The IAB released its annual study for online advertising expenditure in 2008 last week and growth in the top 10 mature markets slowed to only 20%. Some would say thats a tough year for online advertisers. It doesn’t sound too bad to me, given all the pessimism in Q3 and Q4 last year.
Once you look more closely though, there is quite a spread across those top ten markets.
Here is the breakdown:
- Spain: 26%
- Norway: 22%
- Denmark: 22%
- Belgium: 21%
- Italy: 20%
- UK: 19%
- Germany: 19%
- Sweden: 19%
- France: 18.5%
- Netherlands: 9%
Search remained strong with 26% year on year growth taking up some 43% of ad expenditure.
(Not sure who to credit for the image. If it is yours let me know)
I wrote over on afullerview the other day about how, a year ago, it was still much easier to just pick up the Yellow Pages and find local services.. despite the feeling that the paper version was very much an out of date medium.
Today I am in need of someone local to figure out what is wrong with my dishwasher.
Here are some real world results (searching for dishwasher repair london or if possible dishwasher repair my postcode. Lets take a look at how it went and see whether it was any better than last year.
- For the London search, it did a pretty good job – displayed a separate box of local results as well as some London-wide companies.
- For the postcode search, weirdly it displayed furniture shops first but lower down it listed a bunch of possible repair businesses nearby – but mostly for boilers.. changing the search slightly (“dishwasher repairs placed in speech marks”) restricted the results to 2 but nothing nearby.
- Using Google Maps provided the same localised results from the post code search.
- For the London search, Yahoo also did a pretty good job – some possibilities though not a local enough search to provide anything nearby
- For the post code search – nothing
- Yahoo Maps – I could not get it to find anything.
- For the London search, it found some London/nationwide companies but nothing truly local, and not as relevant as Google’s or Yahoo’s.
- For the postcode seach it found nothing.
- Using Live Maps, with the postcode it found one possibility the other side of Essex (that’s quite far outside London!)
- Looks like a quick win. It found a whole bunch of suppliers. On closer look though, they are all the same company (they all link to the same website!). What happened to all the suppliers that are listed in the Yellow Pages (paper version)?
Well the major search engines are starting to catch up with the dedicated local search engines. Yell.com is theoretically still one of the best places to start but it failed miserably here. I expected Google to do better, but with most of the info entered into its local search results being a manual process done by the businesses themselves we are really waiting for the local businesses to catchup. Yahoo and Live was a complete waste of time.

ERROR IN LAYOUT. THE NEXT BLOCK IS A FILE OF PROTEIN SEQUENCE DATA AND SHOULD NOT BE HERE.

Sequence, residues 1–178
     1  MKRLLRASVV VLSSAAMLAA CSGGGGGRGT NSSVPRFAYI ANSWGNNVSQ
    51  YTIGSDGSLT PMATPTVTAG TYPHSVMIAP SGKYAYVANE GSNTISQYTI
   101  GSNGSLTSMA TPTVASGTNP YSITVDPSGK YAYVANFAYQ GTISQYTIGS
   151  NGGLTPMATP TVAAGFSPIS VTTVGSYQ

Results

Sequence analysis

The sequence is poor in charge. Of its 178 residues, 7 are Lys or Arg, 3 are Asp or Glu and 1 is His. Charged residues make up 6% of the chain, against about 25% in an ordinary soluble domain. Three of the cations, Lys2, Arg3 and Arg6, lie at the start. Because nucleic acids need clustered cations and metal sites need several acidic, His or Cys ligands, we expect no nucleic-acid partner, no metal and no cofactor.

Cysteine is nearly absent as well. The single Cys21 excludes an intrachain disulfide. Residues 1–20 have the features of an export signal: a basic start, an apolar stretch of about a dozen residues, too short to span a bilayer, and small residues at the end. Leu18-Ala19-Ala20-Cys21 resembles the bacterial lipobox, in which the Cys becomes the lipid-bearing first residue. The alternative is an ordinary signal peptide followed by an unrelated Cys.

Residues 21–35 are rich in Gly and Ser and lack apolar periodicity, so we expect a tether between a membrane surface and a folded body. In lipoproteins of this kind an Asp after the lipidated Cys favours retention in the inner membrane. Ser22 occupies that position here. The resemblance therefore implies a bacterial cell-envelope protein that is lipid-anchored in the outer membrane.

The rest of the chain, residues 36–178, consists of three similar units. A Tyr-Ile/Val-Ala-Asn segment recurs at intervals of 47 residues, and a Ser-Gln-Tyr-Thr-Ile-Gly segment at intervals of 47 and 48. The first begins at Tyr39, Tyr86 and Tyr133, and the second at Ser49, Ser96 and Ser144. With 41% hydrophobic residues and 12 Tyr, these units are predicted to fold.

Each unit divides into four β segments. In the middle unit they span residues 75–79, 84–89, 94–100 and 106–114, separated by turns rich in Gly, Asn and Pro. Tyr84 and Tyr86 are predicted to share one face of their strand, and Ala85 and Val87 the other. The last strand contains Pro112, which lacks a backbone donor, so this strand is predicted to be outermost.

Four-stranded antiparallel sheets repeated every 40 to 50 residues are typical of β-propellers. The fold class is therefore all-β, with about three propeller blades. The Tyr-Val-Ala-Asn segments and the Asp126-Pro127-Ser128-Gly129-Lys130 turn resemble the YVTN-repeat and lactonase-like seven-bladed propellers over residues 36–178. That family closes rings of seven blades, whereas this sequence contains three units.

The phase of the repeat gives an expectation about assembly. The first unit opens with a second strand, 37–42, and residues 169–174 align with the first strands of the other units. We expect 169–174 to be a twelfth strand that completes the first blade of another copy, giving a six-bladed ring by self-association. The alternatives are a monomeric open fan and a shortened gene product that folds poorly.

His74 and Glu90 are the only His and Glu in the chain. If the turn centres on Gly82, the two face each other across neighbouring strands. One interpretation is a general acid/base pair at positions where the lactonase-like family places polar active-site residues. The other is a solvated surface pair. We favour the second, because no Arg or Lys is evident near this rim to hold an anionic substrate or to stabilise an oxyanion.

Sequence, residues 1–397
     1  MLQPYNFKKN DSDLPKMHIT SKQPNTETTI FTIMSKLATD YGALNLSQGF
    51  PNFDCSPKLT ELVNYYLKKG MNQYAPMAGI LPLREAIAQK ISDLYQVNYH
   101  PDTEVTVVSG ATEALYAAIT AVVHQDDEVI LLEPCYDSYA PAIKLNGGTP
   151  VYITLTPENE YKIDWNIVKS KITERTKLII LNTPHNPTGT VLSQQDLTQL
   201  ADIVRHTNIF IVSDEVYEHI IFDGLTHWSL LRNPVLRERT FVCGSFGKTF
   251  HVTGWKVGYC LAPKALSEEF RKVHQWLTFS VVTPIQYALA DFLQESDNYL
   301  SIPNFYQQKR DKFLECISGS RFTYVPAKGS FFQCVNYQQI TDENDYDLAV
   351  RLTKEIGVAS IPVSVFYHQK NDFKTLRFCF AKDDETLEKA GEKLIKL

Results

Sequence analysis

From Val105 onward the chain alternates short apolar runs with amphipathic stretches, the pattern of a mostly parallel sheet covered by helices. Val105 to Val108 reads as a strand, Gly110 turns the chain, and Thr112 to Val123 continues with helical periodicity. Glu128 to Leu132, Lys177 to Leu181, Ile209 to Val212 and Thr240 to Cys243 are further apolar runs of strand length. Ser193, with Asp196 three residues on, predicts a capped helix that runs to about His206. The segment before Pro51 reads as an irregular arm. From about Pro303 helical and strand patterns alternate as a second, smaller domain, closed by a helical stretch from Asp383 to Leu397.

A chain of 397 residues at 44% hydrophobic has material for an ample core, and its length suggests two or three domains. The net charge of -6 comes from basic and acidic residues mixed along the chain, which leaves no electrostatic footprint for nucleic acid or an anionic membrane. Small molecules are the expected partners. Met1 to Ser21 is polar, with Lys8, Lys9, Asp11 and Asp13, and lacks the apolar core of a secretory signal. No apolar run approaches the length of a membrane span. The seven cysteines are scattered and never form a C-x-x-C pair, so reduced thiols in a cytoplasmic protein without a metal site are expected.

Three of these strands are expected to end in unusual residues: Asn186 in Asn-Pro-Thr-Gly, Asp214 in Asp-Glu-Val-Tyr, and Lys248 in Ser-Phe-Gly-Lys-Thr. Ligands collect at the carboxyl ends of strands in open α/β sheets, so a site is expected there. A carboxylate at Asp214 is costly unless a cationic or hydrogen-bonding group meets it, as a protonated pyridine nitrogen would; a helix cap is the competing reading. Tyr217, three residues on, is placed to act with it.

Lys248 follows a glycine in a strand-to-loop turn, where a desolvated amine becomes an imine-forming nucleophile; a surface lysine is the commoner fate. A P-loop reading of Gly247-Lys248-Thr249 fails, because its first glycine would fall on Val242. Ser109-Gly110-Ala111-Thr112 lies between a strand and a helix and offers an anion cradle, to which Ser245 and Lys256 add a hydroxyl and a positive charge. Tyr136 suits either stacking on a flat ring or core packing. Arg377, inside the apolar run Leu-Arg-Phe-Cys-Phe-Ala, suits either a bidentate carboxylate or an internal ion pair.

Yell has the advantage of its age old paper version which contains a huge number of businesses but it really doesnt feel like they are taking advantage of it online.
In the long term though, Google was able to recognise that the search results I required needed local businesses in the results and not just companies with websites. Once they get more information about these businesses into their servers, more and more people will surely just search from Google?
With the addition of mobile search, location is also going to become an important factor. Guess who is the default provider on my iPhone.. yup Google. I did a quick search and unsurprisingly it gave me the same results as the desktop version. It is not perfect by any means though.
There is still a long way to go to get local search right.
By the way, I eventually found someone using Google website search, as I cannot find my copy of Yellow Pages – I think I recycled it .
Corvida wrote an interesting post on a new ethnically targeted search engine called Rushmore Drive. She talks about it not being right to differentiate search based on skin colour. When put in that context it is hard to disagree with her thoughts. I commented there on her post but I wanted to expand on it here further.
Theoretically the idea is sound though if looked at in a different context – different cultures like (or search for) different things. That’s why they have different cultures, how bland it would be if we all wanted the same things! It’s natural that someone with a certain culture would use a search engine that is tailored to them – not because of their skin colour but because it finds them the results they want. Of course, it is a bit chicken and egg.. the service was designed for a certain community which you might be able to differentiate by skin colour, and yet it meets that community’s requirements. It may not be ethically a good thing differentiating software on skin colour but African-Americans (in this case) would be happier I bet to use a search engine which finds them what they want rather than have to search through Google.
That was the reason I left Altavista for Google in the first place.
I think over time though this specific search engine is irrelevent – Google (and the other major search players out there) will highly likely introduce profiles that tailor it’s results based on you (equally I would hope you could switch this off if you did not want Google to know that much about you).